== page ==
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In the world of Austen based lit, Karen Aminadra's Charlotte was a pleasant surprise. I'd picked it up as a freebie and didn't expect much from the piece, but ultimately enjoyed the author's refreshingly original take on Mr. and Mrs. Collins. Building on Austen's beloved classic, Aminadra chronicles the early days of William and Charlotte's marriage, offering readers the opportunity to indulge their love of Pride and Prejudice while affording two of its minor characters a rare chance at redemption. 

What I liked most about the piece is how natural it feel alongside the original. As with all spin-offs, I feel it important for writers to acknowledge the spirit of the piece on which their story is based. As such, I truly appreciated that Aminadra allowed the character attributes Austen established in the original to factor in her continuation. The said, the depth Aminadra brings to William and Charlotte is certainly worth acknowledging. The Collinses are fairly one dimensional beings in Pride and Prejudice and  I was drawn to the idea that time, perspective and circumstance might allow them to grow beyond those 'first impressions' and into a mutually compassionate and loving couple. 

Aminadra isn't as charitable in her treatment of Lady Catherine de Burgh, but every good story needs an antagonist. The indomitable mistress of Rosings caused her share of trouble in Pride and Prejudice, but her campaign against Lizzie has nothing on her treatment of Hunsford and its residents. While not exactly endearing, the character proves an excellent foil for the Collinses and brings an exceptional sense of melodrama to the novel. I have similar feelings regarding Colonel Fitzwilliam, but again, the story needed someone to push Charlotte and really liked how his role furthered the narrative.

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Charlotte paused with her cup halfway to her mouth at his invitation to meet her again there in the clearing. She did not know how to react. Her mind screamed that she was a married woman and that her husband was a clergyman but her body and heart had other ideas.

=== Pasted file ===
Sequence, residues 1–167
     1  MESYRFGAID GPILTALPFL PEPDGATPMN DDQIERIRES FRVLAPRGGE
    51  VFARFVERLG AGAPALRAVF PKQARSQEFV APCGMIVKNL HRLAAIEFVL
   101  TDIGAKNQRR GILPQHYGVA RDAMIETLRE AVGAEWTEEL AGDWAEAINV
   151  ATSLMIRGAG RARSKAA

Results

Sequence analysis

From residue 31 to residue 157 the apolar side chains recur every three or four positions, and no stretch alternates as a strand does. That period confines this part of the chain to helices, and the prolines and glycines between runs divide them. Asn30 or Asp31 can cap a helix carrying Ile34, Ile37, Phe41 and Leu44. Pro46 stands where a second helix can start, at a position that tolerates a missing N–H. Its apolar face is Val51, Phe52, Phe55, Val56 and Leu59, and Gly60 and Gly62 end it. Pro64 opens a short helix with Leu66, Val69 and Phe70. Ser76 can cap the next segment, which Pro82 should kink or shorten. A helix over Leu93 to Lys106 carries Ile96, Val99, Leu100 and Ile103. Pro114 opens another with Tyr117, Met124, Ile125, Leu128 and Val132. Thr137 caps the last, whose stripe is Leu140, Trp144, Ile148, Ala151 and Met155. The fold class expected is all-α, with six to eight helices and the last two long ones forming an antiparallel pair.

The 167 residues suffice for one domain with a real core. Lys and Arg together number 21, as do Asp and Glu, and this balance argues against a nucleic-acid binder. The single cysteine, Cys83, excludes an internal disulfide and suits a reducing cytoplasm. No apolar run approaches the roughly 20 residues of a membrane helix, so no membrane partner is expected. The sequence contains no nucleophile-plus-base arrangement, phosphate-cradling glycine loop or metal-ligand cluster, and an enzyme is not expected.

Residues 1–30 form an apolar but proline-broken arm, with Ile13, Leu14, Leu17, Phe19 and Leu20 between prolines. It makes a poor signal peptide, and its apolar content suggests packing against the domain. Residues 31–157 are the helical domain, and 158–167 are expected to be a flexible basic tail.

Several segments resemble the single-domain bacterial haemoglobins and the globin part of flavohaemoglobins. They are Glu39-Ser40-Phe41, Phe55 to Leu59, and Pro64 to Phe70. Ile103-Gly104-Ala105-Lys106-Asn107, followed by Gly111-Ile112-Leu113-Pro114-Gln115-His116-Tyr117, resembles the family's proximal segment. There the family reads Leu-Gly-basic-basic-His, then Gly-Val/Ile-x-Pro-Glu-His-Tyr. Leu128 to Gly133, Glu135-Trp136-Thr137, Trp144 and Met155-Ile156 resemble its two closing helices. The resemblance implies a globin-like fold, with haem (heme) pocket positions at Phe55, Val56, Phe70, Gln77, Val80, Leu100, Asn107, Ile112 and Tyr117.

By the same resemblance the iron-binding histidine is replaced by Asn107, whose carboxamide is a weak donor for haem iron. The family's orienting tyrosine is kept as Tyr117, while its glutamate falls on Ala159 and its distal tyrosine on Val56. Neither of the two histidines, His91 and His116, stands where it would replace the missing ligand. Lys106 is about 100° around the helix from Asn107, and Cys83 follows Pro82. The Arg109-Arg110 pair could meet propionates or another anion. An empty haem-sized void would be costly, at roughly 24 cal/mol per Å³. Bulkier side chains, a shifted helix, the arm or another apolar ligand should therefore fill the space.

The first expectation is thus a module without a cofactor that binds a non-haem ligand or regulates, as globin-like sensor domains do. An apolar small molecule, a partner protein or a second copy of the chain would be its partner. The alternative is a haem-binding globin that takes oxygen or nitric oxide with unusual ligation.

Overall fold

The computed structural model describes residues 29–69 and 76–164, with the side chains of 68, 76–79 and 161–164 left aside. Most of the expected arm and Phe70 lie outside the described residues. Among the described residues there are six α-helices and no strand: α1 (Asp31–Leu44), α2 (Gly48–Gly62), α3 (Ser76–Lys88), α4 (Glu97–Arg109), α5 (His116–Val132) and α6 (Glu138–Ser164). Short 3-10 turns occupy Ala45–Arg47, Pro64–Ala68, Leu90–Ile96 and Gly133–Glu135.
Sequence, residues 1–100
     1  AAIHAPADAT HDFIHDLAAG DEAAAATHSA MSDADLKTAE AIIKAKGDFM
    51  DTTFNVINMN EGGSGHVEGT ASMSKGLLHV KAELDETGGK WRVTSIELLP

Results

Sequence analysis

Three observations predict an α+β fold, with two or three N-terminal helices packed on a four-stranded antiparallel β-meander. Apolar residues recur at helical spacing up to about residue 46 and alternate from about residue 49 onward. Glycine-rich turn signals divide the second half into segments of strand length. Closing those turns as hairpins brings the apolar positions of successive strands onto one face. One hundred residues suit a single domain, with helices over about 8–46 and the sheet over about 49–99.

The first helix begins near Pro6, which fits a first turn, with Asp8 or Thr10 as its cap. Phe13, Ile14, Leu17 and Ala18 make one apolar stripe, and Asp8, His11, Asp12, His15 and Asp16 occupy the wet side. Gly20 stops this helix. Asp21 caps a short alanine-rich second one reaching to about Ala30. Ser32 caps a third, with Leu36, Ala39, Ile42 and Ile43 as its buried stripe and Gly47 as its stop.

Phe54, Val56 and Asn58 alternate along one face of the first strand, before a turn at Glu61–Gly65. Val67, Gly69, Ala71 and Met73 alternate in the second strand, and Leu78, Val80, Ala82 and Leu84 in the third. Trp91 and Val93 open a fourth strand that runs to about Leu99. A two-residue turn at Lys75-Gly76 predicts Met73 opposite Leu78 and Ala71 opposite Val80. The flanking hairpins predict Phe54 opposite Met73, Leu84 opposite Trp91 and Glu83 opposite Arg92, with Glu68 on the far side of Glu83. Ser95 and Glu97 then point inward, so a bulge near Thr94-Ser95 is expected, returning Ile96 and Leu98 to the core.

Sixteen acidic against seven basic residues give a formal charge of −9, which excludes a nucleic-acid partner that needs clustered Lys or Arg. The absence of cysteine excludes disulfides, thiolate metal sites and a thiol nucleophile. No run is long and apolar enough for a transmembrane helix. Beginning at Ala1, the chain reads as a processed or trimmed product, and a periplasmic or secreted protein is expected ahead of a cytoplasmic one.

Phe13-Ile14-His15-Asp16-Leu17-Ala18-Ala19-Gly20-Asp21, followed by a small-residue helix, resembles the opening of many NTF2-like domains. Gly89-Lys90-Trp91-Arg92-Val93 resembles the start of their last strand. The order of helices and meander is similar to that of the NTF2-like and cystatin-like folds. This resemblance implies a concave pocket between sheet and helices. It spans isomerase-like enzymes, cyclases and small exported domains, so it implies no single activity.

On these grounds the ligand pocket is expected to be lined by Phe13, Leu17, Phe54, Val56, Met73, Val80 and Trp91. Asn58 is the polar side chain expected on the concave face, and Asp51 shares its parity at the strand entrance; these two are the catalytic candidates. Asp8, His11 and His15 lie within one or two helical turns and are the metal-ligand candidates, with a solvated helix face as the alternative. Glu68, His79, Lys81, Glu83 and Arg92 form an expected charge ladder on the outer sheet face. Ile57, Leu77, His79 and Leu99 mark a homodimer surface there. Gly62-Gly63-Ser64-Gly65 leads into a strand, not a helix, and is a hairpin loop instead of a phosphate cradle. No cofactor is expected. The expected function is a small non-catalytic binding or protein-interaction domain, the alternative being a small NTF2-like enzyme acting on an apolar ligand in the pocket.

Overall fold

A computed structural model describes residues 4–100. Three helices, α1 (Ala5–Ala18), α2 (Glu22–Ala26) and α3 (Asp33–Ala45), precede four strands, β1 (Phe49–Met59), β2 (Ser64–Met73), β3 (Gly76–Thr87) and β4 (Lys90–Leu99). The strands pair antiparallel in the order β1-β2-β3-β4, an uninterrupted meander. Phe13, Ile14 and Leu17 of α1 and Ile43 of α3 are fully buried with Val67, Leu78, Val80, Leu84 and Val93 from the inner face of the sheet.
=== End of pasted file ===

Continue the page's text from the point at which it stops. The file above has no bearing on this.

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Monday, October 20, 2014

Sinful Folk by Ned Hayes

Rating: ★ ★ ★ ★ ☆
Read: October 19, 2014

A terrible loss. A desperate journey. A mother seeks the truth. In December of the year 1377, five children were burned to death in a suspicious house fire. A small band of villagers traveled 200 miles across England in midwinter to demand justice for their children’s deaths. Sinful Folk is the story of this treacherous journey as seen by Mear, a former nun who has lived for a decade disguised as a mute man, raising her son quietly in this isolated village. For years, she has concealed herself and all her secrets. But in this journey, she will find the strength to claim the promise of her past and find a new future. Mear begins her journey in terror and heartache, and ends in triumph and redemption.

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Author Ned Hayes was entirely unfamiliar to me when Sinful Folk arrived in my mailbox and I'll be honest, I didn't really know what to expect from the book when I cracked it open. All I know for certain is that I was pretty ticked by the time I finished chapter eight. 

Now before you jump down my throat, realize context is everything. I began reading Sinful Folk in August when I'd landed an excerpt of the novel in nationwide contest. An excerpt that only included chapters one through eight. Do you see what I'm getting at? If not, allow me to spell it out for you. I was hooked on this piece from page one and wasn't exactly thrilled at only having part of the novel at my immediate disposal. 

For two months the story hovered on the edge of my imagination, but thankfully, Sinful Folk turned out to be worth waiting for. I actually reread the opening chapters and finished the entire novel in two days, but that's neither here nor there. What matters is that the delay and anticipation didn't outweigh my ultimate admiration for Hayes narrative.

First and foremost, I liked the tone of the piece. It's dark, heavy and desperate. Everything I'd imagine life in the fourteenth century to be. A lot of authors have a tendency to romanticize the era and I really appreciated the edginess of Hayes' prose especially when you consider the material he covers over the course of the story. There's a lot more in these pages than the jacket suggests - suspicion, anti-semitism, revenge, etc. - and here again, I think the layers and subplots bring a very authentic level of drama to the story.